Taking a Bite Out of Heartbreak
A short year after her widely-acclaimed debut, San Francisco native Sarah Bethe Nelson has officially released her sophomore album, Oh, Evolution, via Burger Records. The LP lives up to the grungy, California garage rock vibes of Fast Moving Clouds, while demonstrating the growth and journey of the young singer-songwriter. Although her debut drew heavily from the ’90s — namely lo-fi and slowcore — like the famous Codeine album Frigid Stars, her newest release stems more from indie-pop, drawing inspiration from the light ’60-’70s bubblegum pop style off of which other bands like The 1975 thrive. Even The Weeknd, one of the more prominent artists of this decade, has embraced such a sound in his recent album. Listeners want sad and broody music, but they also want to be able to bob their heads to it. This transition in sound shows where Nelson is at as an individual, and her eight new songs showcase exactly what she’s been working on, along with what she does best.
The first track, titled “Hazy,” opens with a minimal yet upbeat guitar riff, evoking Best Coast’s early albums. Nelson croons about being left, asking not to be forgotten and, in the end, actually calls herself crazy. Her stake in love and ripping it apart is apparent from the first song, and that overall vibe is seen throughout the album. Although a soft vocalist, Nelson is able to propel forward and excite listeners because of her experience as a guitarist and a songwriter. She has a really good ear for ensuring that her voice is both clear and distinct. One of the biggest problems with bands coming out of this genre is that they lack originality — a lot of it. Nelson, who kept it short and sweet with her album, is a diamond in the rough.
The next track, “Evolution,” continues with an upbeat bass beat behind strong, rigid power chords. While once again talking about the end of a relationship, Nelson is able to translate her feelings into sound thanks to the help of talented band members Rusty Miller, Garrett Goddard and Ela Jaszckak. With an apt title, Nelson sings about coming to a crossroads and simply having to evolve. Her recognition of having to move on, especially in the second song of the album, shows the strength of the writer. While this might be a sad album, there is no song that jumps out as being a pity party. The lyrics have true originality, which sets the singer apart from the many lo-fi bands of the late 2000s. It’s a breath of fresh air to hear someone be so open, angry and blatantly unapologetic.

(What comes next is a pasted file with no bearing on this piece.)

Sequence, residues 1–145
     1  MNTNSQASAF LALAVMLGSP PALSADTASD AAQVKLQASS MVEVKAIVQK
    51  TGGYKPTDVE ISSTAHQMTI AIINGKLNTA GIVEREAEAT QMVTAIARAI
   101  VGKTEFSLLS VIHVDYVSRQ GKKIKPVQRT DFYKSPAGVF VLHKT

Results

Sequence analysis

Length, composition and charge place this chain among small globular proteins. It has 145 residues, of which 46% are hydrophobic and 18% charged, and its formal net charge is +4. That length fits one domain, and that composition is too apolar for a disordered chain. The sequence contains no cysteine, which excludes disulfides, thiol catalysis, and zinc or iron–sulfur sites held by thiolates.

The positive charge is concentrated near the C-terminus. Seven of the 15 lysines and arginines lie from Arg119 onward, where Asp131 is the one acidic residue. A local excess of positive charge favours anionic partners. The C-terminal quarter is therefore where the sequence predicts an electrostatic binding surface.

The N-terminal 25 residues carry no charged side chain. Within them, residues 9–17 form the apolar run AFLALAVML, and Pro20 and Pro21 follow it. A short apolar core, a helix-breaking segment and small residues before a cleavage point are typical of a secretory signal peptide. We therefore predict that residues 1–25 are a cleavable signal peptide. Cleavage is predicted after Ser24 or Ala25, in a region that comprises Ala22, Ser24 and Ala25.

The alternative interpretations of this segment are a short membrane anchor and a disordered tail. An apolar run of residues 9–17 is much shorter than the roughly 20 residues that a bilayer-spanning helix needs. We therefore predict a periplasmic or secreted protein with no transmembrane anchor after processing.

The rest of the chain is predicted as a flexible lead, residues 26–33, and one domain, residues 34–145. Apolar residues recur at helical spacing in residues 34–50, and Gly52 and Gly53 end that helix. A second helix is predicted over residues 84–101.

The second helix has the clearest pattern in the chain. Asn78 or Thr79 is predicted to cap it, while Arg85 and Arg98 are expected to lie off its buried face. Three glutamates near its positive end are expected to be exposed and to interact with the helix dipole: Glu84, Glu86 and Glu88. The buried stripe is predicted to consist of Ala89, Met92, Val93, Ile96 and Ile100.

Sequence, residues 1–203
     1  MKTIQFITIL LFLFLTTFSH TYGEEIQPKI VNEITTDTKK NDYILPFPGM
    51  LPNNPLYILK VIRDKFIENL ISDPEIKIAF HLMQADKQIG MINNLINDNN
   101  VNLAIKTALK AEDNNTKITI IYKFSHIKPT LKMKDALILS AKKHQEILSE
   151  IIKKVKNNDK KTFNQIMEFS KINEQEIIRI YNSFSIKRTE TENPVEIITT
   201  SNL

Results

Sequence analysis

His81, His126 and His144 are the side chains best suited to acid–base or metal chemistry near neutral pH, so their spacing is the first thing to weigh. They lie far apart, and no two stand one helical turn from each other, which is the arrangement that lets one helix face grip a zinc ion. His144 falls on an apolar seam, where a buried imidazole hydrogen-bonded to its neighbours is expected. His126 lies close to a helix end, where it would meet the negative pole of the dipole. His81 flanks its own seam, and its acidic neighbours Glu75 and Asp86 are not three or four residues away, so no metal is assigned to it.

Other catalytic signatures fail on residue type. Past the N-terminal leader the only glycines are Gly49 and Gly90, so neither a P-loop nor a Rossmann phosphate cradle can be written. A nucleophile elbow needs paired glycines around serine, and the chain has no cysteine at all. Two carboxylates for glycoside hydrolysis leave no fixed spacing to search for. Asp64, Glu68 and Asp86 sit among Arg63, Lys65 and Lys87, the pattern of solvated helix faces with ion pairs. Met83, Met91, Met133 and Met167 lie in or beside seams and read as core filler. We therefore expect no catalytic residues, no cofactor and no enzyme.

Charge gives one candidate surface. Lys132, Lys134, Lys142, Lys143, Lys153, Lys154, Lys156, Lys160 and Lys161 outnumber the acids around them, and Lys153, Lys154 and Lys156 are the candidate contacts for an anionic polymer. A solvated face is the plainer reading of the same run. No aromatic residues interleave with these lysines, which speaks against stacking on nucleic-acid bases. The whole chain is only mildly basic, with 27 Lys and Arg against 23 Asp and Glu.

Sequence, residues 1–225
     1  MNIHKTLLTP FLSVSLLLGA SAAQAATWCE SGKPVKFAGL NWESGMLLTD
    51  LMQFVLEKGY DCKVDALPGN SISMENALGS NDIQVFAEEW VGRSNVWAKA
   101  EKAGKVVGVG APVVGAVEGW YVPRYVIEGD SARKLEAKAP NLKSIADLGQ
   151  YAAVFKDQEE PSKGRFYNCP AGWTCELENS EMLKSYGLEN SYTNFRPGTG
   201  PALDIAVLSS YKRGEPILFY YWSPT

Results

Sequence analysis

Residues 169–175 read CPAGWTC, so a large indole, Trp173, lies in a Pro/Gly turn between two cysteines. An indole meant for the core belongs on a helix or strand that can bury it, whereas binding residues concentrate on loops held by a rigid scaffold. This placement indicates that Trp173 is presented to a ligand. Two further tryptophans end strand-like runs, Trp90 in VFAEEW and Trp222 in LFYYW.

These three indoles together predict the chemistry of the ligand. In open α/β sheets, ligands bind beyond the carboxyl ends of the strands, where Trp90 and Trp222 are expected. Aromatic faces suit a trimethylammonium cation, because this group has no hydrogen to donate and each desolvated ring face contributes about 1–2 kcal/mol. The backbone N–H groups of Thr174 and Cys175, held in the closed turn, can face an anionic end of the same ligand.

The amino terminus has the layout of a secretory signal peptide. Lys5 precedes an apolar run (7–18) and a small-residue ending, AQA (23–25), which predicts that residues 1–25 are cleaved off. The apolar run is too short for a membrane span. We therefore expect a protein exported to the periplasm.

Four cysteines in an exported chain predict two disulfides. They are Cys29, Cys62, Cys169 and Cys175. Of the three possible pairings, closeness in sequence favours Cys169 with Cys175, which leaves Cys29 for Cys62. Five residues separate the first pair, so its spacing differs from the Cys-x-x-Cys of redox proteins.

“I Don’t Care” is another indie rock banger adorned with powerful lyricism. “One step forwards, and two steps back, you want me to love you and then you attack,” Nelson croons. By the halfway mark of the album, the tone switches slightly from upbeat to darker and more ominous. The beginning of “Sugar Factory” is hands down one of the best moments of the album. The best part about it is that it’s not overdone; it’s a beautiful transition and the song does not come in slow at all.
Other tracks deserving of honorable mention are “Face the Waves,” which dabbles in acoustics and synth-wave, and the album closer, “Deadbolt,” which is incredibly reminiscent of Red House Painters with a twist. Oh, Evolution is ethereal, raw and relatable. No part of this album will be boring to a listener. If the craftsmanship and artistry behind the music aren’t enough, the fire in Nelson’s heart that she is able to work into her lyrics will surely draw listeners in.